The Crimson Prince kept his head low, not so much to hide his countenance as to indicate a lack of interest in the other table. I got the feeling he didn’t like them, but I couldn’t say quite why. Possibly they too were princelings, but princelings of a different stripe. Then again, they might even have been high society acquaintances of his unfaithful wife, which would account for his almost visceral discomfort and sudden silence. 

 

The cosmopolitans at the other table were dropping big English words left and right, they had the showy, tell-tale bilingualism of returned students from abroad, so the idea of recommencing a lesson in rudimentary English was too mortifying for the Crimson Prince to countenance.

 

We got a few sideways glances, I assumed more on account of my presence than anything else, and I thought they were an okay lot. Under more ordinary circumstances I might even have gotten talking with them, one of the gals was a real looker, and she was looking at me, but I sensed that my dinner host was ready to leave, and we did just that.

 

We left well sated, though not at all drunk, yet by the time we got outside, the mind of my dinner companion was so far away as to be incoherent. When we crossed the street I tried to jumpstart the conversation by reviewing a few terms of restaurant English. 

 

“I liked the greens with garlic,” I said, enunciating each word carefully. “The pork was succulent, don’t you think?”

 

He didn’t respond at first, but when we reached the sidewalk, he shot out a question.

 

“How do you say hongshaorou?” 

“Red-braised pork.”

“Bread-raised pork?”

 

I got so preoccupied helping him with word order and pronunciation that I hardly noticed when he paused to exchange greetings with a couple of uniformed guards standing in the shadows. As we ambled on, he dropped the pretense of this being a lesson and turned to his native tongue. He was trying to tell me something, perhaps something of pressing importance, and I could not escape the feeling he was about to ask a favor of me as well.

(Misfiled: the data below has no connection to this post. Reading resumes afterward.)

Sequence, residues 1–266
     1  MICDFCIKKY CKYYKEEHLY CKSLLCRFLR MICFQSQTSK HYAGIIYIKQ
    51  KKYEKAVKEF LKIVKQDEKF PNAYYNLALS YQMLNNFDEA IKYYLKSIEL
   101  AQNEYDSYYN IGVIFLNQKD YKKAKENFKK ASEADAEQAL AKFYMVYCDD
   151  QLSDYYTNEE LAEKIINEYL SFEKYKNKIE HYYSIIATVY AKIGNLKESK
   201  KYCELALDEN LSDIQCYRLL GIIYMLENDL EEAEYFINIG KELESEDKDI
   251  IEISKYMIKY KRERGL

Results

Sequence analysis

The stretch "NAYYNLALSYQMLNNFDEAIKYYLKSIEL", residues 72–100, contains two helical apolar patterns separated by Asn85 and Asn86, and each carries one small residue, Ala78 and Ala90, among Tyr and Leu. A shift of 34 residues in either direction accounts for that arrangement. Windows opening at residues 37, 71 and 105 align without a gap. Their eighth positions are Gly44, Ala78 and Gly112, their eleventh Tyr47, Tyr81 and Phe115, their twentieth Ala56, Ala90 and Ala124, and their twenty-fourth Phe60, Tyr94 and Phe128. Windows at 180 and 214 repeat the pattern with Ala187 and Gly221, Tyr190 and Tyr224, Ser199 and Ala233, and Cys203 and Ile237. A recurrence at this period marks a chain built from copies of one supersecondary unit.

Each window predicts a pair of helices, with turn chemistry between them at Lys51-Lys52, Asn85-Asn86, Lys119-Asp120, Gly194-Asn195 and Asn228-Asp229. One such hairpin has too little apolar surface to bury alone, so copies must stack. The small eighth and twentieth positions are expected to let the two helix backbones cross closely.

Dinner may have been dress-down casual, but something heavy weighed on his mind and I was getting bits and pieces of it now. In his eagerness to unload, he harped on about this and that, all of it incoming in Chinese a bit too fast, a bit too softly for me to fully grasp. Something about someone doing something, something hard to understand, something significant and not without some consequences.

 

I was so intent on meeting him halfway, reaching out to decipher his rapidly delivered phrases that I didn’t really notice where we were going as we ambled down a quiet alley that was graced by evenly spaced trees on both sides which flanked a row of low, windowless buildings. 

 

Up ahead, there was a small ceremonial gate of some kind, but we turned away before confronting it, instead passing through a small passageway on the side. There were eyes on us, the kind of alert eyes I had come to recognize among the gatekeepers of the realm but crossing the line with the Crimson Prince was like crossing the line with Big Ten, you didn’t have to worry too much about how you were dressed or who thought what if you stayed close in his wake.